• Select-in situations. Psychometrics can be incredibly useful in ‘select-in’ situations; that is, situations where old roles have become redundant and an employer needs to choose from the existing workforce to fill newly created roles. This is most common during restructures which may see redundancies occur. Psychometric assessment can help to predict future performance fairly, particularly as the role is new and the candidates have not undertaken it before. This will mean that candidates are assessed on their likely performance in the role, not on irrelevant assessment of past performance in a different role.
  • Survivor team development. Where teams have gone through a restructure, there is likely to be a major impact on the way that they function and relate to one another. Even if team members have not been lost it is likely that teams will benefit from spending some time considering how they work together and how to move forward. Using specialist workplace psychology consultants to find ways of re-motivating, energising and engaging team members to focus on their business objectives can be very effective. The role of the line manager here in maintaining engagement and commitment is key, and managers need to make sure they are addressing their own emotional needs as well as supporting others through difficult times (something tools like the Firo-B can help with).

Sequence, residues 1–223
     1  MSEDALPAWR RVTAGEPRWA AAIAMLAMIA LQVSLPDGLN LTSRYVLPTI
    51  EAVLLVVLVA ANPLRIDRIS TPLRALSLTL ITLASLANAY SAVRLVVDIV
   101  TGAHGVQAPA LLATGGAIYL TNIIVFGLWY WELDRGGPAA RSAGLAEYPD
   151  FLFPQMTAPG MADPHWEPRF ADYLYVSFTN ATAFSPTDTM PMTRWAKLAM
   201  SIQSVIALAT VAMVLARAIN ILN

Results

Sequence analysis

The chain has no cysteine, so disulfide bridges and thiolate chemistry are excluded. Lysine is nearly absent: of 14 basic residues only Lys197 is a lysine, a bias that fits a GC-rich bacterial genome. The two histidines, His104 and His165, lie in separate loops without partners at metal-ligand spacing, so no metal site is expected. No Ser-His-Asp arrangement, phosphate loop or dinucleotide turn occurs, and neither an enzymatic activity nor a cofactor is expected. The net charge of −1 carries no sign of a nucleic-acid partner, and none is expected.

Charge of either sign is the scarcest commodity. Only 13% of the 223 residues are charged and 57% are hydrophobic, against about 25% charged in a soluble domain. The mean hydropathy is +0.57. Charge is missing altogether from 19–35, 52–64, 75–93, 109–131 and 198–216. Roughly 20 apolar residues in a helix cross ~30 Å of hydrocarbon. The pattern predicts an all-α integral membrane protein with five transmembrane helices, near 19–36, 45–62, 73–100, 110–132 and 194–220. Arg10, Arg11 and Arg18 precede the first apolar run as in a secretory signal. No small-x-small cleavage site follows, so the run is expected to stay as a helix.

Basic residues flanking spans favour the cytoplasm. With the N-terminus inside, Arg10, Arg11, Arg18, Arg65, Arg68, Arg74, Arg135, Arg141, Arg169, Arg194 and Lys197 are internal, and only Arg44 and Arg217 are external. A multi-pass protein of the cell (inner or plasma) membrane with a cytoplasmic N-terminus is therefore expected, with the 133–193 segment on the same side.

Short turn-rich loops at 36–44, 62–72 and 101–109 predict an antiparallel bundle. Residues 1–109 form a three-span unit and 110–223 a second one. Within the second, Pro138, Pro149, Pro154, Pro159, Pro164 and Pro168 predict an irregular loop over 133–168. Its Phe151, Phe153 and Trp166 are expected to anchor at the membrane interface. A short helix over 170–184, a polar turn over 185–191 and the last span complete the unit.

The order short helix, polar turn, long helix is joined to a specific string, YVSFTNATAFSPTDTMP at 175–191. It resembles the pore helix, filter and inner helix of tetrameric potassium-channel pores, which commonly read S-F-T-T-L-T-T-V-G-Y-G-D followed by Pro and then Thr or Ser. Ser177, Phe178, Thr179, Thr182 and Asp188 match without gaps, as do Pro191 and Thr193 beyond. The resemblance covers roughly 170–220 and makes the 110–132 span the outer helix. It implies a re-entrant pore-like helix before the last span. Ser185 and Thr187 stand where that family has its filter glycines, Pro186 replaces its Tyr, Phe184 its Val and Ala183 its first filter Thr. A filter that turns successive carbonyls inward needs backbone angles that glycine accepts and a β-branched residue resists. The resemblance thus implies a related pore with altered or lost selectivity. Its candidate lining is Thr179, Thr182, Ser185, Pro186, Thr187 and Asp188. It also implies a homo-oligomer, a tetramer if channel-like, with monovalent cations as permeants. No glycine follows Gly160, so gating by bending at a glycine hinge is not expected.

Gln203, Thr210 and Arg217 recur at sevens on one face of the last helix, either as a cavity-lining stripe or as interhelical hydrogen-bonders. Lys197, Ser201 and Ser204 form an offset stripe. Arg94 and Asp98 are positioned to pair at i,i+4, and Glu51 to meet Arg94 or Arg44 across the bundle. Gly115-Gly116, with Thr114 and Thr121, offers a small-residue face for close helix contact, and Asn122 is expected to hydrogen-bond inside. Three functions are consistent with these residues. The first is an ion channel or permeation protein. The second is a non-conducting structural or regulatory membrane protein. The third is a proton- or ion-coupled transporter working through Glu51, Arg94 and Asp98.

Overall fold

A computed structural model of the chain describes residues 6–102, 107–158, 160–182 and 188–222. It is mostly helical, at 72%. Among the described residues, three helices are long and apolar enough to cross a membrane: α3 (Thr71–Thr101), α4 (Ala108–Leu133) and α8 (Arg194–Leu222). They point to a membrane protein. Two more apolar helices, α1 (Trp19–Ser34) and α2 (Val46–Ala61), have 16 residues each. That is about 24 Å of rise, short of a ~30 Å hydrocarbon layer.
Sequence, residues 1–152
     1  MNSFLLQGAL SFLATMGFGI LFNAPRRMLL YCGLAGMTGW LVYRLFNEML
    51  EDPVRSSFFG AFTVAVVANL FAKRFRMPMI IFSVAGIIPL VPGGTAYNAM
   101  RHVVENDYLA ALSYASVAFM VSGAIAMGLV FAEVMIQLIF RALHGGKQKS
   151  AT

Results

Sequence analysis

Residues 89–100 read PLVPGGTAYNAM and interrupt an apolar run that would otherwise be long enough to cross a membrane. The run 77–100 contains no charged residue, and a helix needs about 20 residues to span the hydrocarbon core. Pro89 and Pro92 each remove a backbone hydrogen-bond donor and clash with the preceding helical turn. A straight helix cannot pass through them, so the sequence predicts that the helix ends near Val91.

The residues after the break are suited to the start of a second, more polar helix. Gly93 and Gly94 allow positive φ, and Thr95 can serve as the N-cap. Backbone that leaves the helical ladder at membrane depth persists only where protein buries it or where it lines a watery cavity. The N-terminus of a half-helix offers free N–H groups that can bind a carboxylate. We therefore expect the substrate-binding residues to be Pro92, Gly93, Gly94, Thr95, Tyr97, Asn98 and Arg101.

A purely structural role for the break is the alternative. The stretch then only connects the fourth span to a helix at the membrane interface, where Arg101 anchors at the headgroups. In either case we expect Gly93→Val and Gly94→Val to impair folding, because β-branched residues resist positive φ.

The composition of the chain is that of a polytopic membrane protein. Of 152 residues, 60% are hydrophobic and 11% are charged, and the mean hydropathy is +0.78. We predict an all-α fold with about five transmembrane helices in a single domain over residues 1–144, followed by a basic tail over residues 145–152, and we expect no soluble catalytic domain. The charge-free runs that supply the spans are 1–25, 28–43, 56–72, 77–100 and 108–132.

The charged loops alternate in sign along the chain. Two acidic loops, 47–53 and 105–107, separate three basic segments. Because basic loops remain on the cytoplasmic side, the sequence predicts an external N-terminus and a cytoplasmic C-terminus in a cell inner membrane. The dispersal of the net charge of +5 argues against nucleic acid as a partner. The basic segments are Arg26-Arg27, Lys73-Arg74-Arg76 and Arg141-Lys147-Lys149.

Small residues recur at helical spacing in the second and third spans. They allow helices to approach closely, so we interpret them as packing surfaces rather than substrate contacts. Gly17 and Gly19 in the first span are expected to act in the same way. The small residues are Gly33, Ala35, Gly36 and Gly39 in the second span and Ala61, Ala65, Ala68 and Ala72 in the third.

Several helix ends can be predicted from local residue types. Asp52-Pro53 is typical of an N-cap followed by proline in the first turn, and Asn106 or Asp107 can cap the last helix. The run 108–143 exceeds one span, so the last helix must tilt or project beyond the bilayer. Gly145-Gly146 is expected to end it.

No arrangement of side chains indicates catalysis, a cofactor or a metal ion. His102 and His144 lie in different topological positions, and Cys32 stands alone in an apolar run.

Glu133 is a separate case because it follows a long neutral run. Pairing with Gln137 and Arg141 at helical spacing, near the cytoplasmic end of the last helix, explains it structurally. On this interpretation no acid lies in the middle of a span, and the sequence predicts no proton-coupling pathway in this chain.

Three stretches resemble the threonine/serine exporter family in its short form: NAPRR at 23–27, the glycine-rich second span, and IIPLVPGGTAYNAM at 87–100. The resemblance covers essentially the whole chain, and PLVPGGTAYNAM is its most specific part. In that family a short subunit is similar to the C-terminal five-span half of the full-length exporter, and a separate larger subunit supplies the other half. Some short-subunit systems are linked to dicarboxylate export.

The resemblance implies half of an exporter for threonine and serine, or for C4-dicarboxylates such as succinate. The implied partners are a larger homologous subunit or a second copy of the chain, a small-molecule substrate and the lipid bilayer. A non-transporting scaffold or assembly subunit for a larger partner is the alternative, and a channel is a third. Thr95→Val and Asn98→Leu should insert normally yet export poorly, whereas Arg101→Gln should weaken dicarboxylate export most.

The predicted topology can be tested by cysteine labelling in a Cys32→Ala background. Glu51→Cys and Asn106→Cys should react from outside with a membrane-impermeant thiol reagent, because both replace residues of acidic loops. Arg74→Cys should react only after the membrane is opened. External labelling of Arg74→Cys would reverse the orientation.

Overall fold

When used correctly, psychometrics and the psychological principles that underpin them can inject a much-needed degree of clarity and science into what is a highly emotionally-charged atmosphere. Given the high stakes of redundancy situations, it’s especially importantly that these tools are used in the most appropriate and effective way.
Redundancy decisions carry high short term impact and long-lasting consequences. If you stick by the guidelines set out here, these are decisions you can make with much greater confidence.

Rob Bailey and Jenny Kidby are principal psychologists at workplace psychologists OPP